Oh, Marti Noxon, you had fun writing this one didn't you. The Buffy vet, who serves as a consulting producer on Glee this season, made her episodic writing debut with "Extraordinary Merry Christmas," a near-plotless throwback to The Judy Garland Show's boozy, high-as-a-kite holiday special (and old-timey variety specials in general). And why not? Last season, they turned Sue into the Grinch (literally) and gave Artie fake legs (literally). Why not deliver a holly-jolly Christmas by serving up some Yuletide chestnuts and the best of '60s TV (accents! corny jokes! canned laughter!)?
But in case you missed the story stuff, or forgot it, or blocked it, here's what you need to know: Mr. Schue picks Artie to direct a throwback Christmas special for Lima's cable-access station, which interferes with the glee club's promise to help Sue serve at a homeless shelter (this year, she's the anti-Grinch), but they show up anyway to sing...
Historically, horror hasn't scared up a great track record on TV. Supernatural series? Yes. Terrifying ones? No. The good news for FX, which on Wednesday launches American Horror Story, is that audiences seem to be growing braver. Millions have dared to peek out from behind their fingers, making hits out of The Walking Dead and True Blood. Even when Nip/Tuck dipped its scalpels into overt horror -- terrorizing us with sadistic serial killer The Carver -- it drew record numbers to FX.
But do viewers have the stomach for a haunted house dreamed up by Ryan Murphy and Brad Falchuk, who gave us both Glee and Nip/Tuck?
Here's what Glee boss Ryan Murphy says he likes about his new team of writers: "We hired people who will read scenes and scripts and go, 'We can do better, let's change that. Like, they'll literally say, 'You know what? We don't wanna do that with Mercedes. No one wants to f---ing see that.'"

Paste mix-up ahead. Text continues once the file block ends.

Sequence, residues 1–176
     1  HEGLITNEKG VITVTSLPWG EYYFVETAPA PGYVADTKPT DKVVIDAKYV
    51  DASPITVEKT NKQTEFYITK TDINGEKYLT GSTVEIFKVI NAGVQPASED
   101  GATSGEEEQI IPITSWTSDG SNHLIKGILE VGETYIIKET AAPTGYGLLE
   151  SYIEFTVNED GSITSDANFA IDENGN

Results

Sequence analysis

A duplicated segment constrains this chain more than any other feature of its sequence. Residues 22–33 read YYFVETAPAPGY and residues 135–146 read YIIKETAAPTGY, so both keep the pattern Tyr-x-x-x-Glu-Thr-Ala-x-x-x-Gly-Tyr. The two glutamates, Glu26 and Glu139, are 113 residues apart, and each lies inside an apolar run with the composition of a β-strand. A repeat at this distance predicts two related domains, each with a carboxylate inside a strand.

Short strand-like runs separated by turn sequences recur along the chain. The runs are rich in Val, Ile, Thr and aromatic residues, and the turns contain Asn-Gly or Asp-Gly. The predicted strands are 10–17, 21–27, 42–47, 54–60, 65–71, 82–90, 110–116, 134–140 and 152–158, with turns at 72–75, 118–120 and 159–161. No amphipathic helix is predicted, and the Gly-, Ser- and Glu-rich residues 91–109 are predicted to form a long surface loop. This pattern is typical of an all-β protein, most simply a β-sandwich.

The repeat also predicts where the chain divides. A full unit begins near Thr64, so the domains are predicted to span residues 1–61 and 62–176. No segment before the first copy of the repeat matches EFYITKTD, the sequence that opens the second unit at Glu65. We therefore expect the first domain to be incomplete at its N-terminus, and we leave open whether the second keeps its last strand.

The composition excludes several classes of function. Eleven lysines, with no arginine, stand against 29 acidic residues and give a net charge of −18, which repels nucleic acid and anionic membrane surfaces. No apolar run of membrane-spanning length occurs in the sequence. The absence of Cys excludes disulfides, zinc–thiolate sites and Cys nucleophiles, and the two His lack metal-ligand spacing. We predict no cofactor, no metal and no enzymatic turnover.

That may sound extreme, but to help plot out what will be senior year for most of the McKinley High glee clubbers, Murphy says he specifically sought out writers with "big opinions" about the show. Why? Because the second season of Glee had been hit with its own kind of Slushee and was in need of cleaning up.
There are many reasons the Internet exploded when it was announced in June that Buffy the Vampire Slayer executive producer and fanboy favorite Marti Noxon had joined the writing staff of Glee: She has plenty of cult cred, thanks to her days working alongside Joss Whedon, but her resume is also littered with top dramas including Mad Men, Private Practice, Grey's Anatomy and Brothers & Sisters.
"Geeks and musical nerds are all the same people," she says. "There were only so many places to hide in high school: One was the A/V club and the other was the drama club. In Glee, the two meet so beautifully."
Is Darren Criss, better known as lead Warbler Blaine on Glee, headed for Broadway? Does he know if Blaine is a senior, and thus headed for graduation? What does he think about creator Ryan Murphy's decision to graduate stars like Lea Michele and Chris Colfer off the show anyways?
TVGuide.com caught up with Criss on the eve of Glee's Sunday Comic-Con panel and attempted to get answers: